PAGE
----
I am getting close to the end! And I got to thinking that it would be really nice to finish looking at this book before I start my real work of reading for the 2019 Newbery committee (reading books published in 2018). Because I fear I won’t have a lot of time for Sonderling Sunday once that happens. So – let’s push on! Last time, I finished Chapter 22. Let’s look at what the next chapter holds, beginning on page 309 in the English edition, Seite 393 in the German edition.

Let’s start with the first sentence:
“The rain stopped as suddenly as if someone had switched it off.”
= Der Regen hörte so plötzlich auf, als hätte jemand ihn abgeschaltet.

“alarmingly lush” = beunruhigenden Üppigkeit (“disturbingly luxuriant”)

“exploding with ferns and lurid tropical flowers”
= schien von Farnen und grellen tropischen Blumen nur so zu explodieren

“smothered in ivy, creepers, and weeds
= wurde von Efeu, Kriechpflanzen und Kräutern förmlich erstickt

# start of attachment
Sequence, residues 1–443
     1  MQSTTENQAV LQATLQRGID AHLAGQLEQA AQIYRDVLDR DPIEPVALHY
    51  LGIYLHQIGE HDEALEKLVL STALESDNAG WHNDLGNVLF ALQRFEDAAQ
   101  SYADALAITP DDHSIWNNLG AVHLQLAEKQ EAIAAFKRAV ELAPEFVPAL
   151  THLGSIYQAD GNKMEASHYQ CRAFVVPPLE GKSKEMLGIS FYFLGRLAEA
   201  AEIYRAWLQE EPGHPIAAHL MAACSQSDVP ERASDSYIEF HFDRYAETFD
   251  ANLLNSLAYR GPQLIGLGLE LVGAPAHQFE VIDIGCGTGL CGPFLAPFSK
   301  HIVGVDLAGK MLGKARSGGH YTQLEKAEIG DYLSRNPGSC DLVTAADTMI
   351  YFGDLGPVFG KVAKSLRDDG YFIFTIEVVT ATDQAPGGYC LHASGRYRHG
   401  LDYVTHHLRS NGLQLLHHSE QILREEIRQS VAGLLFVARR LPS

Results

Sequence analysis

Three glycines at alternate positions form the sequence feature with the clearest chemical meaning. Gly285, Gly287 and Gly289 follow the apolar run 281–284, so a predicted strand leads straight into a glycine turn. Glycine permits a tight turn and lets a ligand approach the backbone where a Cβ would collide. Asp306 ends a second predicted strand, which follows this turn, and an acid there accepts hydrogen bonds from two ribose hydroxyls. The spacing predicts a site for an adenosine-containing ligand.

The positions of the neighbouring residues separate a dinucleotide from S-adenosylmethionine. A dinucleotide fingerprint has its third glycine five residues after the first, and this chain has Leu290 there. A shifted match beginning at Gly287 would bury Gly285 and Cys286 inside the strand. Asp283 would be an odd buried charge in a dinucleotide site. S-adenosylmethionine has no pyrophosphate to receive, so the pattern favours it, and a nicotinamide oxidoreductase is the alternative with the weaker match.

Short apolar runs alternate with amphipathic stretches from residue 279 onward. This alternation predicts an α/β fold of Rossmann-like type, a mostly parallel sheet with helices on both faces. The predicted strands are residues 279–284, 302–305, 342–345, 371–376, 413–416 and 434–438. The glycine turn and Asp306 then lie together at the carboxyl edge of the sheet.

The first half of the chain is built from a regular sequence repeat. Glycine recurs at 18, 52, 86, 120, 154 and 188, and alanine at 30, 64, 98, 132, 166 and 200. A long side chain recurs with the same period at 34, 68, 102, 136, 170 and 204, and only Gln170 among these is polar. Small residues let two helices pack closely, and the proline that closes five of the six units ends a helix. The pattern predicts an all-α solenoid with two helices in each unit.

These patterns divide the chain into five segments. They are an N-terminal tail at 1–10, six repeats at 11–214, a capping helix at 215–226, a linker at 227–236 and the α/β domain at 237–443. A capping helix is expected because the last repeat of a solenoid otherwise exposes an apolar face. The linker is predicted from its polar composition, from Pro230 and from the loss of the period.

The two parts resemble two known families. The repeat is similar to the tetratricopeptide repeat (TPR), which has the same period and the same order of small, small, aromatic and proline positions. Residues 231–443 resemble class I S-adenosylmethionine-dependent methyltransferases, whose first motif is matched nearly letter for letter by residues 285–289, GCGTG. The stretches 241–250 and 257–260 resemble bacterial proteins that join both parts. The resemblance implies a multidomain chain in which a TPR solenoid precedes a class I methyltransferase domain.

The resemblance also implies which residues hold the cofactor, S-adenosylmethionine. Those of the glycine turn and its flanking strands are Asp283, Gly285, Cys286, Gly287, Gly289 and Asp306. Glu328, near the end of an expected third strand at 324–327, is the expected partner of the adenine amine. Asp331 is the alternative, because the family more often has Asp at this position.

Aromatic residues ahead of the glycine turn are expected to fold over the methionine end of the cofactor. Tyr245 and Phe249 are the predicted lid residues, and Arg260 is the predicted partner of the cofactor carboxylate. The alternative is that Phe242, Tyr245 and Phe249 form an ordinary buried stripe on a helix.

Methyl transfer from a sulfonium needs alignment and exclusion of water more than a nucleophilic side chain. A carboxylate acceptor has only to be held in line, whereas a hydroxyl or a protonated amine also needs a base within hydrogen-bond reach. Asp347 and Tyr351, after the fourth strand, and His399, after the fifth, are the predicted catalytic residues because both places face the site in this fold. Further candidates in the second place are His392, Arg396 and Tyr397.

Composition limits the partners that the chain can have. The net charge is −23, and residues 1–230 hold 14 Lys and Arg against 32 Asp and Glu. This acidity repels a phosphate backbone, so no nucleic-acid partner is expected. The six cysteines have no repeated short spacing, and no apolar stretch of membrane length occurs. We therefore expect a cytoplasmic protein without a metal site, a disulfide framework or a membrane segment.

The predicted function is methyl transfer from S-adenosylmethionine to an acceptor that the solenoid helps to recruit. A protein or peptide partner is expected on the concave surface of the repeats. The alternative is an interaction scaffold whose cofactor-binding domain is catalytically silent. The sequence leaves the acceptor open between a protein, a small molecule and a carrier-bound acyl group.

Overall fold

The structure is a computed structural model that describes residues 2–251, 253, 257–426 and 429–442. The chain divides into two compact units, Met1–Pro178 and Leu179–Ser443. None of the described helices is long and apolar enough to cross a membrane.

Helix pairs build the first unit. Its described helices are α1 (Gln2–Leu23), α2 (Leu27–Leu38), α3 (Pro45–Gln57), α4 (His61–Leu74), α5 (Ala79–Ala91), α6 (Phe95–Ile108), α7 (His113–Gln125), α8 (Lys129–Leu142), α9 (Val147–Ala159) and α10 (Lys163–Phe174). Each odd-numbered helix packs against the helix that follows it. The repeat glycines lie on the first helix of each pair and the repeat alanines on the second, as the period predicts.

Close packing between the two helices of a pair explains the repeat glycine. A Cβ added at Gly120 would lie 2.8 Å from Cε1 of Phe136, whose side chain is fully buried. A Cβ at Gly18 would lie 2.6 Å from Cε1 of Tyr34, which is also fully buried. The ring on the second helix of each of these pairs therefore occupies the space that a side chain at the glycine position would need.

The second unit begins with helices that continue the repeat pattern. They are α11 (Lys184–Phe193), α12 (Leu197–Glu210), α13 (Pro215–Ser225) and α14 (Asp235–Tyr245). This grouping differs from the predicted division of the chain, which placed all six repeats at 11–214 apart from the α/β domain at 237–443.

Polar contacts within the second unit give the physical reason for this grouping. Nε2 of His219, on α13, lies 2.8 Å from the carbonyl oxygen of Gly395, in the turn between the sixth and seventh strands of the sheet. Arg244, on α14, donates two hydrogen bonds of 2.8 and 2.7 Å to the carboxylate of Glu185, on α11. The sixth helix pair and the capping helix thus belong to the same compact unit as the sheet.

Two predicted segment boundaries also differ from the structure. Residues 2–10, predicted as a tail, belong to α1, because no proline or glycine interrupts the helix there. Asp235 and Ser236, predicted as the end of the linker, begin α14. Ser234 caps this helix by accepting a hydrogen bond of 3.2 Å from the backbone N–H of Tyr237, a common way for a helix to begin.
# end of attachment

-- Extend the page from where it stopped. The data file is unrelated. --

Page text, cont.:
(“was by ivy, creeper plants and herbs formally stifled”)

I’m using this word this week, if I can manage to pronounce it:
“humid” = schwül

“freaks” (as in “freakshows”) = Monstrositätenschauen

“roller coaster” = Achterbahn (“8-train” as in “figure-8 train”)

“dragged” = kramten

“float” = Karren

“seethed” = siedete

“wildly boiling soup” = heftig kochende Suppe

“mocking her” = sie verhöhnen

“numb” = betäubt

“marching bands” = Marschkapellen

“dazzling” = blendende

“furry pink boots” = pinkfarbene Fellstiefel

“puffy blouse” = Rüschenbluse

“compliment” = bewundern

“artful restraint” = künstlerische Zurückhaltung

“hallmark” = Markenzeichen

“urgently” = drängend

“brazen” = Tollkühnes

“newsworthy” = berichtenswert

“big scoop” = Knüller

“paralyzing dread” = lähmenden Furcht

“tilt-a-whirls” = Raupe (“caterpillar”)

“pinched” = kniff

“pterodactyls” = Flugsaurier

“skip every line” = an den Wartenden vorbeigewunken

“put two and two together” = eins und eins zusammenzählen (“one and one together-count”)

Ah! A Sonderword:
“special treatment” = Sonderbehandlung

And I’ll stop at the end of that section, as they’re going to the festival.